MOSCOW -- Vyacheslav S. Komissarov, duly appointed as Moscow's police chief by both the City Council and the Russian Federation Ministry of Internal Affairs, showed up yesterday at 10 a.m. sharp for his first day on the job.But the Moscow police, Mr. Komissarov's would-be subordinates, wouldn't let him in to police headquarters."
NEWS
By Scott Shane and Scott Shane,Moscow Bureau of The Sun | September 23, 1990
MOSCOW -- In a direct confrontation with Soviet President Mikhail S. Gorbachev, Boris N. Yeltsin and the leadership of the Russian Federation officially warned the Soviet parliament yesterday not to grant the emergency powers requested by Mr. Gorbachev.In an emotional speech Friday, Mr. Gorbachev asked for the power to override existing law in connection with the planned transition to a market economy.But Russian Federation officials, citing Mr. Gorbachev's statement that he might have to dissolve some elected bodies, expressed fear that he could use special powers to dissolve the Russian parliament and impose direct presidential rule in the largest of the 15 Soviet republics.
NEWS
By Scott Shane and Scott Shane,Moscow Bureau of The Sun | March 16, 1991
MOSCOW -- Mikhail S. Gorbachev and Boris N. Yeltsin squared off yesterday over the referendum on whether to preserve the Soviet Union with competing broadcasts that dramatized the central role of the power struggle of the Soviet president with his populist rival in tomorrow's vote.Mr. Gorbachev pleaded for a vote in favor of preserving the Soviet Union as a "renewed federation of equal sovereign republics," saying that dissolution of the state would be a catastrophe."At issue is the fate of our country, the fate of our homeland, our common home, how we and our children and grandchildren will live," he said.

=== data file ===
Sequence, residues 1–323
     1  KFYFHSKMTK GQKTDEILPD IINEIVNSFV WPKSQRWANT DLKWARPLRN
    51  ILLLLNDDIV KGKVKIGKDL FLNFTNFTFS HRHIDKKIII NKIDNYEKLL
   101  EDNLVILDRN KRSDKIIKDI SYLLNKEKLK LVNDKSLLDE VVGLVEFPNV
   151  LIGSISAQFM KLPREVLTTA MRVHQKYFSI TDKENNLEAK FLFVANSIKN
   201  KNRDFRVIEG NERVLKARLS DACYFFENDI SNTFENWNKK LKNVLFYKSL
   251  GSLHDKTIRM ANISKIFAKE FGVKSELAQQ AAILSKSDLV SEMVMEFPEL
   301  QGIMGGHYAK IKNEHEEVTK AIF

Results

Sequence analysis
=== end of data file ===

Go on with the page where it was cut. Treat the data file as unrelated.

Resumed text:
NEWS
By Los Angeles Times | August 22, 1991
MOSCOW -- Long after the tanks are quiet in their garrisons and the barricades dismantled, the indelible image of this week's abortive coup in the Soviet Union will be the picture of one defiant man -- Boris Yeltsin -- clambering up the dark green hull of a T-72 tank to rally his people for democracy.It was a quintessential Yeltsin moment. The burly Siberian had watched from the windows of his Russian Federation headquarters as the tanks surrounded the building Monday afternoon. After little more than an hour, he strode impulsively out the door, clambered up onto one of the armored vehicles, and greeted a tank officer as if he were a prospective voter instead of the spearhead of a hostile military force.
NEWS
By Jules Witcover | March 17, 2014
In American domestic politics, messing with Social Security is known as "the third rail," referring to the power source for trains that is fatal to the touch. In foreign policy discussions, invoking the name of Adolf Hitler promises the same lethal result. Former first lady and secretary of state Hillary Clinton learned the lesson in the wake of Russia's invasion of Crimea and parts of Ukraine. She caught hell from critics when she compared it to Hitler's 1938 seizure of the heavily German Sudetenland in Czechoslovakia under Neville Chamberlain's notorious pact with the devil in Munich.
NEWS
August 5, 2013
Kevin Rector made some good arguments for not boycotting the Sochi Olympics, but he is overlooking some important issues (" Why boycotting Winter Olympics in anti-gay Russia isn't the right move," Aug. 1). First, the law prohibiting gay propaganda is an adjunct to a recently passed law that prohibits gay people from adopting children. Both these laws are based upon a scientific fallacy that the citizenry accepts as doctrine. It's untrue he lie that gay people are a threat to children.
NEWS
By Tricia Bishop, The Baltimore Sun | April 28, 2013
When Albina Digaeva, a Chechen who was granted political asylum in the United States, first learned that the Boston bombing suspects were from Chechnya, she called the California family who initially put her up when she arrived 15 years ago and apologized. A member of the host family that originally hailed from Boston "tried to calm me down and said I can't claim responsibility for the actions of two individuals," said Digaeva, who now lives in Los Angeles and doesn't know the two brothers suspected in the bombing.